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Tuesday, May 12, 2015

Describing the Morrigan

A common question that I hear people asking is what does the Morrigan look like. There really isn't a simple answer. Generally when she appears in mythology she is not described in much detail. Instead we get passages like this one from the Cath Maig Tuired:
"Gongair an Unius la Connachta frioa andes. Conaca an mnai a n-Unnes a Corand, og nige, indarna cos di fri Allod Echae .i. Echumech, fri husci andes, alole fri Loscondoib, fri husce antuaith. Noi trillsi taitbechtai fora ciond. "
(The Unish of Connacht calls by the south. The woman was at the Unish of Corand washing her genitals, one of her two feet by Allod Echae, that is Echumech, by water at the south, her other by Loscondoib, by water at the north. Nine plaits of hair undone upon her head.) 
Similarly when she appears in most versions of the Tain Bo Cuiligne* (TBC) it simply says "Is ann sin tainic in Morrigan ingen Ernmuis a Siodaibh" (Then came the Morrigan daughter of Ernmas from out of the Sí) without adding any physical details. There are a few appearances which are described however.
    In the Táin Bó Regamna (TBR) we are given this: "Bean derg hissin charpat ocus bratt derg impi ocus di braí dergai lé ocus a brat eter di feirt in charpuit síar co sliged lár ina diaig..." (A red-haired woman with red eyebrows was in the chariot with a red cloak around her shoulders; the cloak hung down at the back of the chariot and dragged on the ground behind her.) This description of a red-haired woman** may be the most detailed description we ever get of the Morrigan's physical appearance and it is the only one where we are never told that she is in disguise or in an assumed form. In my own opinion this is most likely to be her true appearance, but other people may have different conclusions. 
    In the Cath Magh Rath she is described as:
Fuil os chind ag eigmigh
Caillech lom, luath ag leimnig
Os eannaib a narm sa sciath
Is i in Morrigu mongliath

(Bloody over his head, fighting, crying out
A naked hag, swiftly leaping
Over the edges of their armor and shields
She is the grey-haired Morrigu)
This description is somewhat similar to another of the Morrigan's appearances in the TBC: "And-sin tánic in Mórrígu ingen Ernmais a Sídib irricht sentainne(then came the Morrigan daughter of Ernmas from out of the Sí shaped as an old woman). However this passage makes it clear this is not her natural appearance but a "richt", a guise, form, or assumed shape. The idea of the Morrigan taking on other shapes or disguises is a common one, and in fact in the Metrical Dindshenchas she is called "samla día sóach" (a phantom, the shape-shifting Goddess) making it clear that her form is fluid and changeable.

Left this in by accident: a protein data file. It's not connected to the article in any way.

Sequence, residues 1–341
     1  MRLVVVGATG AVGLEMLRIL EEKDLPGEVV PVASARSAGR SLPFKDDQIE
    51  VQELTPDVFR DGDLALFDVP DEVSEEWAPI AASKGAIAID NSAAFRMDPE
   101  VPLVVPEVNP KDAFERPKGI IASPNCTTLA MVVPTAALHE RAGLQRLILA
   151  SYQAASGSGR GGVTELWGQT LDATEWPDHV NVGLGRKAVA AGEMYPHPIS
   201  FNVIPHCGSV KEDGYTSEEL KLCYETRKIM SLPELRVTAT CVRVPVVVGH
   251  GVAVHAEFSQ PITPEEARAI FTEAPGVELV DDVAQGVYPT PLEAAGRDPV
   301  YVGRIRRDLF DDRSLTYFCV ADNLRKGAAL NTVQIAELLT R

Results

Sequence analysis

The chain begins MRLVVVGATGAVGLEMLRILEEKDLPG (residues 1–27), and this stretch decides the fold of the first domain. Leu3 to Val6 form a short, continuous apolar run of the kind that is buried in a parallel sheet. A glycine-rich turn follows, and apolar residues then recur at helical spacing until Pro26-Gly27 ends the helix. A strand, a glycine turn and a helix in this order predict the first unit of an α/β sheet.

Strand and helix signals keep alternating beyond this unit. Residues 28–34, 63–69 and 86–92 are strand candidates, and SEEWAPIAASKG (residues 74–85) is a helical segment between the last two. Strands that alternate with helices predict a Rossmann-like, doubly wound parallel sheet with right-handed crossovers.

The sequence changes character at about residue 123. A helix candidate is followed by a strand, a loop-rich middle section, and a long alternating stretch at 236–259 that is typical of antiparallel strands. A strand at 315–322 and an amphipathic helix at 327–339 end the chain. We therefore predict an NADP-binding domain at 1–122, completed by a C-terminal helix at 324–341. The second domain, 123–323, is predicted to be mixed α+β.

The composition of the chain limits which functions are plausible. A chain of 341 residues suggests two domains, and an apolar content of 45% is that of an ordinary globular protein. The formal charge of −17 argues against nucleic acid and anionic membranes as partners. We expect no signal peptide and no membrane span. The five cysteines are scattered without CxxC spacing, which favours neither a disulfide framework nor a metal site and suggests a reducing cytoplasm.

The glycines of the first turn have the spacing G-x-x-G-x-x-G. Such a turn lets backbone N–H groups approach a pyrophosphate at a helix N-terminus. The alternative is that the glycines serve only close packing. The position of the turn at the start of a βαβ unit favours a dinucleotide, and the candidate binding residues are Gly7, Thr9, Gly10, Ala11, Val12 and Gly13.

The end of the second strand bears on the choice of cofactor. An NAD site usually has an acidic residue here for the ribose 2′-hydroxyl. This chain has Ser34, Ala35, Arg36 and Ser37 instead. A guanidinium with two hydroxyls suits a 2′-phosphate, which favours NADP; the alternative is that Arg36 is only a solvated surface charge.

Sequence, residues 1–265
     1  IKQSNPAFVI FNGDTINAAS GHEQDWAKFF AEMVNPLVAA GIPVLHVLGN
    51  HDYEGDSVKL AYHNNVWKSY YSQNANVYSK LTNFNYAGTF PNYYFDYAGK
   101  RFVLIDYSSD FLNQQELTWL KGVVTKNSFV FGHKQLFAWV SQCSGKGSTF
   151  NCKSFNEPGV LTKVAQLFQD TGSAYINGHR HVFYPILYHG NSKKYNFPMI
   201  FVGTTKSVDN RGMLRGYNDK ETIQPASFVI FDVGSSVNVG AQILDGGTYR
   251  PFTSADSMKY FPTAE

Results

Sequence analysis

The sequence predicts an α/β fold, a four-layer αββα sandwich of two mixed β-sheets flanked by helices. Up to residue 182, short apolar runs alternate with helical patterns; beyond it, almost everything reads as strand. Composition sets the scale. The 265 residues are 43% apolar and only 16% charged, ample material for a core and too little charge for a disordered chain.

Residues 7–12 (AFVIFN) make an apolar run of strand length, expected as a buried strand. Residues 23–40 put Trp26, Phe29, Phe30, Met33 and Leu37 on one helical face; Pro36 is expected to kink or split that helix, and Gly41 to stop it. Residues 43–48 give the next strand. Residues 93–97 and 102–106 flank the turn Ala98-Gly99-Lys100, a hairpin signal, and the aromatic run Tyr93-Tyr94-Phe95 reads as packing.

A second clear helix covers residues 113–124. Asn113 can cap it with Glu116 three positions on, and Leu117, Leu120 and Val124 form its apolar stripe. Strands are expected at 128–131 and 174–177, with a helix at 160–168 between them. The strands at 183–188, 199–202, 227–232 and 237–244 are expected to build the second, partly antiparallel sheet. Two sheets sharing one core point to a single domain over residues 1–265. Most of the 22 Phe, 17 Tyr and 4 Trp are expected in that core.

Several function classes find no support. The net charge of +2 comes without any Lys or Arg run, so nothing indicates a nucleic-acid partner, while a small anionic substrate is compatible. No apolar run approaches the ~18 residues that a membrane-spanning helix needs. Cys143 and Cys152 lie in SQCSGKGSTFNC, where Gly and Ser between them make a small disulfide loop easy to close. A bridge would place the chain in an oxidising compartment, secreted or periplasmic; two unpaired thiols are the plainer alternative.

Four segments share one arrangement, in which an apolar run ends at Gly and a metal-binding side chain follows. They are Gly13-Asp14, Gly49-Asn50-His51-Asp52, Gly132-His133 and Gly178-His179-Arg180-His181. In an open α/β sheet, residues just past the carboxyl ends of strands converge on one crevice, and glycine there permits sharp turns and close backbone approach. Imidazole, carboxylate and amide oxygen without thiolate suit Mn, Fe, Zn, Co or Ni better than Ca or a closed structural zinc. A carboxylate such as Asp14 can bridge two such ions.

It is debatable whether or not the brief description of the Morrigan in disguise as "Buan's daughter" in the TBC reflects her true appearance or is, as with her form as an old woman, merely a disguise. In this passage, which does not occur in all versions of the TBC she is described as "in n-ócben chuci co n-étuch cach datha impe ocus delb roderscaigthe furri" (the young woman with a garment of every coloring around her and a form fiercely beautiful on her). Personally I'm a bit suspicious because of the phrase "delb...furri" that is "a shape...on her". It is possible that it's just an expression, or perhaps it could be an allusion to the fact that the Morrigan has assumed this alluring disguise as part of her attempt to trick Cu, who has of course seen her red-haired form in the TBR previously. 
   She also has several animal forms which are described in the TBC as "escuinge slemne duibi" (a smooth, black eel), "saidhi gairbi glasruaidhi" (a rough, grey-red bitch), "samhaisci finne óderge" (a white, red-eared heifer) and in the TBR we see these forms echoed in her threats to Cu Chuluinn: "esccung" (an eel), "sod-sa dono glass" (a blue-grey*** wolf-bitch), and "samuiscc-siu finn áuoderg" (a white, red-eared heifer) as well as "hén-si dub" (she, a black bird). In the Lebor na Huidre she is also described as taking the form of a bird "in Mórrigan són i ndeilb eúin" (the Morrigan, she in the likeness of a bird). It is interesting to note that most of these animal depictions come with a specific color.
   The Morrigan is clearly capable of assuming many forms to serve her purposes, and we have descriptions of many of them. I have only touched on some here to illustrate what we generally know about her appearance. It may be that her true form is of a a red-haired woman dressed in red, as we see in the TBR, but certainly she is not limited to that. She comes to us in many shapes and forms, through many guises and many means. Ultimately she is what she chooses to seem to be to each viewer, whether that is black bird or white cow, naked hag or fiercely beautiful young woman.
  She is Herself. 

* Book of Leinster version
** literally the text says "bean derg" a red woman, however in Irish this is how hair color is usual given. See Audrey Nickel's "Color Me Irish" blog post for more on this
*** for those who are interested in the use of color in Irish material its given here as glas, or literally green, but green which can be anything from a light green or blue to a blue grey.

Copyright Morgan Daimler


  1. The Morrigan has many guises and I have met most of them in the flesh, from Strong sweet and loving to brave and assertive to the don't mess with me ever types.
    I have since gone off red heads completely, yet they still haunt my dreams.

  2. Nicely done! Well researched and written. She had much about her open to interpretation, especially her appearance.